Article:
The Patriots may have had an extra week to scope out the Los Angeles Chargers before their playoff matchup, but the team they’ll see Sunday will be very different from the last time they got a firsthand look.
A year ago, the Patriots handed the Chargers a 21-13 loss at Gillette Stadium in a battle that took four field goals from Stephen Gostkowski to win. Melvin Gordon rushed for 132 yards and a touchdown, but Philip Rivers managed just 212 passing yards. Meanwhile, Tom Brady churned out a machine-like 333 yards on 32-of-47 passing with one touchdown to fuel the win.
The Patriots will have to stop a Chargers team that closed the regular season by winning five of their last six games, then stuffing the Baltimore Ravens in the wild-card round.
“It’s not the same team that we saw,” Patriots special teams captain Matthew Slater said. “There are a number of differences. I think personnel-wise, there’s some differences. The guys that they did have there are playing at a much higher level, I’d say. They’re playing with a lot of confidence. They’re playing very aggressive. So I think this is a totally different group.
“I don’t think last year’s game or what happened and how that game unfolded will obviously have any bearing on what happens this Sunday, but this is much better group that we’ll see this weekend.
The most dramatic difference is a Chargers defense that vaulted from 15th in the league in total yards allowed last season to ninth this year. They left Baltimore’s blossoming rookie quarterback Lamar Jackson baffled on Sunday, picking him off once and forcing three fumbles.
But bottling up a rookie and stopping a playoff staple like Brady are completely different.
“I’m sure they’ll play Tom Brady differently than they played Lamar Jackson, like anybody would,” Patriots coach Bill Belichick said. “But their scheme is still pretty fundamentally their scheme, and they’ve had so much success with it. They’ve been one of the top defensive teams for the last couple years. I can’t imagine them straying too far from the principles of what’s made them so successful.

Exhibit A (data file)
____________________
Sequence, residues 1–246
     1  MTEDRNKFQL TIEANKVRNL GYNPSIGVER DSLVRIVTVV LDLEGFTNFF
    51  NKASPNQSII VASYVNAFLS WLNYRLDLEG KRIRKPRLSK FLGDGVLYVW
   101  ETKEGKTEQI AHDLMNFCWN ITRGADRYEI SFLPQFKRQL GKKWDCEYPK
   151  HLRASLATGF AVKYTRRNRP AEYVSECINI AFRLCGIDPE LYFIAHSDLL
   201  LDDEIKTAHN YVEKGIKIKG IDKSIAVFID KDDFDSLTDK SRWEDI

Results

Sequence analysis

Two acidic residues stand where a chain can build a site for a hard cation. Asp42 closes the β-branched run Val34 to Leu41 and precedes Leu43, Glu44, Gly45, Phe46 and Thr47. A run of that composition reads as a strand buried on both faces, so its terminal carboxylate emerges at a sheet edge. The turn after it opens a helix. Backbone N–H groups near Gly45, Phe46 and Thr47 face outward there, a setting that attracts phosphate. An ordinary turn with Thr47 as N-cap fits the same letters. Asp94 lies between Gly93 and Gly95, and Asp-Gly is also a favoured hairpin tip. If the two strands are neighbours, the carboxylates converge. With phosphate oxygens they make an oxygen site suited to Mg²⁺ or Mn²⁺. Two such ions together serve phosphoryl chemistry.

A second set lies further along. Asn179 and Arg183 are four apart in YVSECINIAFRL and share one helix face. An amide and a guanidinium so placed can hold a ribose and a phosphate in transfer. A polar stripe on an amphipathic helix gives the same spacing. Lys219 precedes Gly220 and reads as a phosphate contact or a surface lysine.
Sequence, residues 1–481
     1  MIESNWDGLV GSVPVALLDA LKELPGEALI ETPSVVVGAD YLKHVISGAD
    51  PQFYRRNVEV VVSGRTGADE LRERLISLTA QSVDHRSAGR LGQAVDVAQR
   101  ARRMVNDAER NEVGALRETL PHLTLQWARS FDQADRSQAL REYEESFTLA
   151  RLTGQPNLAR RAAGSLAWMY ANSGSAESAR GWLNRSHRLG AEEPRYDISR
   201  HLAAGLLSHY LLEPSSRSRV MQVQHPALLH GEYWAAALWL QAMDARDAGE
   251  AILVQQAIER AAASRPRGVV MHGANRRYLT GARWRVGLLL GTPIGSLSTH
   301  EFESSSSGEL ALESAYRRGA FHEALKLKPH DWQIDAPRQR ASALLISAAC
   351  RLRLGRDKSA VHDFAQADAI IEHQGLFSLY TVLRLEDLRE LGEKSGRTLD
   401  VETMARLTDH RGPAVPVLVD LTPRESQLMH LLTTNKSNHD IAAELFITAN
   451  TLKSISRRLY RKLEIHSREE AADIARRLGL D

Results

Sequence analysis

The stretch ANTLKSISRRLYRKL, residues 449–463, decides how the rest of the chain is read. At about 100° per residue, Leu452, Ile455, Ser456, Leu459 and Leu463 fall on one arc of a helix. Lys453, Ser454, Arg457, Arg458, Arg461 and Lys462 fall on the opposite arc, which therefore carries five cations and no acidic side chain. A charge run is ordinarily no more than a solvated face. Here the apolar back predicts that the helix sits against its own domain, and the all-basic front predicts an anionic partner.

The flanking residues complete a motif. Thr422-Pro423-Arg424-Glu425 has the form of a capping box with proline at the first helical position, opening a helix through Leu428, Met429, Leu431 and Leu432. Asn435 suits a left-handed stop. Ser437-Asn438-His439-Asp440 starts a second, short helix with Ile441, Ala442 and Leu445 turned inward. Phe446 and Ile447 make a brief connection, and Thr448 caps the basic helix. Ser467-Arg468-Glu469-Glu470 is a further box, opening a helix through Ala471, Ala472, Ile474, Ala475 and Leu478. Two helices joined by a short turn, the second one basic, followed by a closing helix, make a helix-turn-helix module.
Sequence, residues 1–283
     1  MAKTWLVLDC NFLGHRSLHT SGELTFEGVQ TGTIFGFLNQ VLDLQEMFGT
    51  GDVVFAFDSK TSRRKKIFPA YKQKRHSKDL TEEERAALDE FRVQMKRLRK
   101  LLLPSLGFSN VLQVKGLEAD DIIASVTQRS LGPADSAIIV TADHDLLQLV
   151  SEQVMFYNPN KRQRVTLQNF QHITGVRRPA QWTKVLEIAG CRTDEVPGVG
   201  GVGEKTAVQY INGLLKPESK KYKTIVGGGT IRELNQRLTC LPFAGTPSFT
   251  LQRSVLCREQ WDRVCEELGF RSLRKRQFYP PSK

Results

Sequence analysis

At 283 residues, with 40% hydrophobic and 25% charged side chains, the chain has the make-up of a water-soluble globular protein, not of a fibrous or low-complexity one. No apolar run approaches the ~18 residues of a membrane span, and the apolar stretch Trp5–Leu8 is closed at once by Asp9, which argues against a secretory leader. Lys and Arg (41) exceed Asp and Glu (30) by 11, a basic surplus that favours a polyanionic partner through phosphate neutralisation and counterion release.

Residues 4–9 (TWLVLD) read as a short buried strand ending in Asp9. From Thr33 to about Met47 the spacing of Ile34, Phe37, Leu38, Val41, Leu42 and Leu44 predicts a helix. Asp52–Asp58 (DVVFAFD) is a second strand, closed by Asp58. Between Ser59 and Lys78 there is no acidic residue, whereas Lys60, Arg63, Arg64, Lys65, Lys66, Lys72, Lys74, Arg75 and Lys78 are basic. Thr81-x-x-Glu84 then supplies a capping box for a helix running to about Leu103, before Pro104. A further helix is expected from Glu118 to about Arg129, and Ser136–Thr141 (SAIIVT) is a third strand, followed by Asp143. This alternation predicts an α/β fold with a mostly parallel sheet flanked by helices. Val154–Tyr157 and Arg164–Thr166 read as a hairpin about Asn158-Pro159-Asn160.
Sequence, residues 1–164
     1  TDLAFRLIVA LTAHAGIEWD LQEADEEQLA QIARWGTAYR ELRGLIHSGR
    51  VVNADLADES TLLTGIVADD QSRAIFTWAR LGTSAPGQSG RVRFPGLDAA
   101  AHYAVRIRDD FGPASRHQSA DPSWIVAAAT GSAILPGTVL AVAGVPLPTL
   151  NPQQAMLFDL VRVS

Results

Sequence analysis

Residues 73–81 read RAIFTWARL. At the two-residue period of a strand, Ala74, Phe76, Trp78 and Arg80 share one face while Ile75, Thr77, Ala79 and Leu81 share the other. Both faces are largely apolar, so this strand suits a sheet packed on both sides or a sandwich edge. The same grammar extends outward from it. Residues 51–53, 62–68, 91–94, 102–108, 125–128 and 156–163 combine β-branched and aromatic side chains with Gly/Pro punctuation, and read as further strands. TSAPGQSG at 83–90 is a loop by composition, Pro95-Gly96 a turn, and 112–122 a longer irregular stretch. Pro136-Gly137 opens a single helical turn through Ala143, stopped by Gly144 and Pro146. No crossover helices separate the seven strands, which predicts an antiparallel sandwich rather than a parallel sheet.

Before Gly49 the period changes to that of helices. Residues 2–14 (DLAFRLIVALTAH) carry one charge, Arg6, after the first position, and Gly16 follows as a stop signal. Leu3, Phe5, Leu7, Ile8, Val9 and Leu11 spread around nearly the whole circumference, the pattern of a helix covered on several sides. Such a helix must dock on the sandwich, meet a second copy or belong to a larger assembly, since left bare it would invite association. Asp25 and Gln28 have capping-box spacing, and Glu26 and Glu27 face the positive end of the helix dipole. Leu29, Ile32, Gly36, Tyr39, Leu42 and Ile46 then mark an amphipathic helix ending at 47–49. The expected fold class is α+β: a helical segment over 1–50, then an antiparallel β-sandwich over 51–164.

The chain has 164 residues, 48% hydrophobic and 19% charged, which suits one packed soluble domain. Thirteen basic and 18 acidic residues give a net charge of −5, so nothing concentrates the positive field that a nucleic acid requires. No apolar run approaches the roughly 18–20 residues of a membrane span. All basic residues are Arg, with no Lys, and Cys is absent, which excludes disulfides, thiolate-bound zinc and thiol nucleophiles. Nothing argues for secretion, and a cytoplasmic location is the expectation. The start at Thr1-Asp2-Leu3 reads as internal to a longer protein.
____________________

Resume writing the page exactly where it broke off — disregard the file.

“Whatever we get, we get, and it’ll come down to good execution. I don’t think at this point in the season you’re going to reinvent the game of football after . . . again, they’ve had a great 13-4 season. They’ve won so many games against good teams that I can’t imagine that they’d do things too much differently from what’s given them so much success to get to this point, but we’ll see.”
The Chargers haven’t been to the playoffs since 2013, when they lost in the second round to the Denver Broncos. Slater, a Los Angeles native, already had five playoff trips and two Pro Bowl nods under his belt by then, but he’s kept an eye on the Chargers from afar and has an appreciation for Rivers as the face of the franchise.
“I was a Southern California kid . . . once the Rams left when I was a kid, the only other team in Southern California were the Chargers, so I watched a lot of his football, and he’s given a lot of great moments to their fan base,” Slater said of the Chargers’ quarterback. “He’s given a lot of great moments to this league. I think he conducts himself and carries himself in a way that’s really first-class all the way. He represents his organization, his family, and this game about as well as anyone we have, and he’s played at a high level for a long time. So, it’s really an exciting time to have two great players, two of the best players of their era, be able to square off in a game like this. So, it should be fun for football fans.”
The Patriots haven’t lost a playoff game at Gillette since the 2012 AFC championship game, but there’s an obvious threat in a Chargers team that got eight of its 12 regular-season wins on the road.
“I think mental toughness is a big part of that,” Slater said. “I think having great leadership within your organization is going to be a big part of that, and then, you know, just coming together as brothers. I think that they feel something special, and they do. The belief that you have to have in one another to go on the road and win is really necessary.
“I think they have that belief. They’ve proved it week-in and week-out. No matter the situation, no matter the game, circumstances, they’ve won those games, so it says a lot about who they are.”
Julian Benbow can be reached at firstname.lastname@example.org.